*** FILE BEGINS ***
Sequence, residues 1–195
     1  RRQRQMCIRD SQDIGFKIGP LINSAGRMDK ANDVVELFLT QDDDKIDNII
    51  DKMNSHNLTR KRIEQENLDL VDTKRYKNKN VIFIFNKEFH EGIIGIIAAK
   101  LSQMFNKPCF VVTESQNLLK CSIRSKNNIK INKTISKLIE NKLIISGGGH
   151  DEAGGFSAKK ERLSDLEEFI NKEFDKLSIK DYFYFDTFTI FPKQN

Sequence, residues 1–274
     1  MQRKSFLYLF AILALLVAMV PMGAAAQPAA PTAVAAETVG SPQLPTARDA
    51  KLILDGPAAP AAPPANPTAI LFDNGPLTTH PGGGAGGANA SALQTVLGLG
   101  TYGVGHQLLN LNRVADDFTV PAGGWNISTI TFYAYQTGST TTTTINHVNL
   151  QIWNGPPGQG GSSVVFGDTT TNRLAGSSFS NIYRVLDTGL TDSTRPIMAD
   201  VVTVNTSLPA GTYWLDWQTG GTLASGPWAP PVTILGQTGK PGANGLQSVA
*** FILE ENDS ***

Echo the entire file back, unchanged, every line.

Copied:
Sequence, residues 1–195
     1  RRQRQMCIRD SQDIGFKIGP LINSAGRMDK ANDVVELFLT QDDDKIDNII
    51  DKMNSHNLTR KRIEQENLDL VDTKRYKNKN VIFIFNKEFH EGIIGIIAAK
   101  LSQMFNKPCF VVTESQNLLK CSIRSKNNIK INKTISKLIE NKLIISGGGH
   151  DEAGGFSAKK ERLSDLEEFI NKEFDKLSIK DYFYFDTFTI FPKQN

Sequence, residues 1–274
     1  MQRKSFLYLF AILALLVAMV PMGAAAQPAA PTAVAAETVG SPQLPTARDA
    51  KLILDGPAAP AAPPANPTAI LFDNGPLTTH PGGGAGGANA SALQTVLGLG
   101  TYGVGHQLLN LNRVADDFTV PAGGWNISTI TFYAYQTGST TTTTINHVNL
   151  QIWNGPPGQG GSSVVFGDTT TNRLAGSSFS NIYRVLDTGL TDSTRPIMAD
   201  VVTVNTSLPA GTYWLDWQTG GTLASGPWAP PVTILGQTGK PGANGLQSVA